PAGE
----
Resources:
Office of Naval Research

The drag from barnacles and slime on the hull of a ship can cut vessel speed by 10%, which can lead to 40% more fuel consumed to counter the drag. This translates to $500 million annually in extra fuel and maintenance for the U. S. Navy. And a dirty hull can also make a ship ride rougher in the water. To counter this problem, engineers at the Office of Naval Research have developed the Hull Bio-mimetic Underwater Grooming robot, or Hull BUG.

The robot uses vacuum or negative pressure to attach itself to the hull and four wheels to move around on it. Onboard sensors detect crustaceans and films that need to be removed, as well as obstacles such as a sharp keel or sensitive sensor pods that the BUG must avoid. This lets the robot’s computer plan a path around the hull. ONR says the battery-powered robot should be autonomous and not require a tether. As it moves over the hull, the robot could use rotary brushes or water jets to clean the hull. Both tools are among those being tested, and a full-ship demonstration is expected in 2015.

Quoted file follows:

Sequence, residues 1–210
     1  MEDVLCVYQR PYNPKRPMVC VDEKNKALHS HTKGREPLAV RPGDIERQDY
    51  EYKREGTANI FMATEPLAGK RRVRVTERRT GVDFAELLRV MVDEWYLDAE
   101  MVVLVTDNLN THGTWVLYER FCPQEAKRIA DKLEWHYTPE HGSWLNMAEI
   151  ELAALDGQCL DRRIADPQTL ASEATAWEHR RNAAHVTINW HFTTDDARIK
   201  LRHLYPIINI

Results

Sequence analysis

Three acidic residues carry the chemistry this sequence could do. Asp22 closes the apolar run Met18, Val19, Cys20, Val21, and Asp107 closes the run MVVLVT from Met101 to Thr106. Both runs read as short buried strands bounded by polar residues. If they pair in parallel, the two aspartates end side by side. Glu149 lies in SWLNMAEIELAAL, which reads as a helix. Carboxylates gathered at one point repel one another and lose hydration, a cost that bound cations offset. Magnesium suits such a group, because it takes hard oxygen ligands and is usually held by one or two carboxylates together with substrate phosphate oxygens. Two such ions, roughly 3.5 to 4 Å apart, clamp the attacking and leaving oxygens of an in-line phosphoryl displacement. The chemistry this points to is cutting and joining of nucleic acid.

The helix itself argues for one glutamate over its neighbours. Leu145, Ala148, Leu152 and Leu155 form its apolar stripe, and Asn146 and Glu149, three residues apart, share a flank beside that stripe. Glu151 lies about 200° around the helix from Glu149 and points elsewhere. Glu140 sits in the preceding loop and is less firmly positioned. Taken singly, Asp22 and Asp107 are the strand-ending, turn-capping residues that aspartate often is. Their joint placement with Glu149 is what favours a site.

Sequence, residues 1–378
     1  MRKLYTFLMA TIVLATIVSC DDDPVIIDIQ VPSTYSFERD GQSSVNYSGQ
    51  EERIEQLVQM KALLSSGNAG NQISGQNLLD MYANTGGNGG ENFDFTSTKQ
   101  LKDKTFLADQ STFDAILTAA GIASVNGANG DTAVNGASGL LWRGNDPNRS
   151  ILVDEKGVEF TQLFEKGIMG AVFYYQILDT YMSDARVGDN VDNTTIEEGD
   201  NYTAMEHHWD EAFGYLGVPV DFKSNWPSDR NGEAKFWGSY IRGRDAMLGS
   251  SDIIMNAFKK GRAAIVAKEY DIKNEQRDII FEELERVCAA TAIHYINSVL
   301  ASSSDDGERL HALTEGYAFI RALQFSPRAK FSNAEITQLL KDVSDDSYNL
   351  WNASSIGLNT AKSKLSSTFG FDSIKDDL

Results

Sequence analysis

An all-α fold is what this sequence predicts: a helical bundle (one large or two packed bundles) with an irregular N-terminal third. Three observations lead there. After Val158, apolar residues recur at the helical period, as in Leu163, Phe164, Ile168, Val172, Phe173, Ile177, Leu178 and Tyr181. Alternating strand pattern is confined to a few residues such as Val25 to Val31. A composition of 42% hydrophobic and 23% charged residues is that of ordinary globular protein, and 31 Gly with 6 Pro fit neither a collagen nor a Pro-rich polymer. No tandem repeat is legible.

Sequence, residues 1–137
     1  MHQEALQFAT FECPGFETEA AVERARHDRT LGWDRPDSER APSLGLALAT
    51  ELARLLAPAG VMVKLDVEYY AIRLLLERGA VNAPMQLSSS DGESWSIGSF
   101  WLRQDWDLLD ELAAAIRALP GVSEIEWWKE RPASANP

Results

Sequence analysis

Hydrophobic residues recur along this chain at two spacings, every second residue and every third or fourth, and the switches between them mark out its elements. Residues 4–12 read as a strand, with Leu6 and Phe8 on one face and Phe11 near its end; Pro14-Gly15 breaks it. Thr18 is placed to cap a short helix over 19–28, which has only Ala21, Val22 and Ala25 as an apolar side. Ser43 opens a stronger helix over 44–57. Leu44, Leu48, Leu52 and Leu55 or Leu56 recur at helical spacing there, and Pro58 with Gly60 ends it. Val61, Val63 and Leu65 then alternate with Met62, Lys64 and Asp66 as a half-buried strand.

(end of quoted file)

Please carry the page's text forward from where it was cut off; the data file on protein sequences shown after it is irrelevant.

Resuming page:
If the BUG is a success, it could save money in fuel for both Navy and commercial ships, extend the time between dry-dock repairs, and pave the way for using new nontoxic high-tech coatings.

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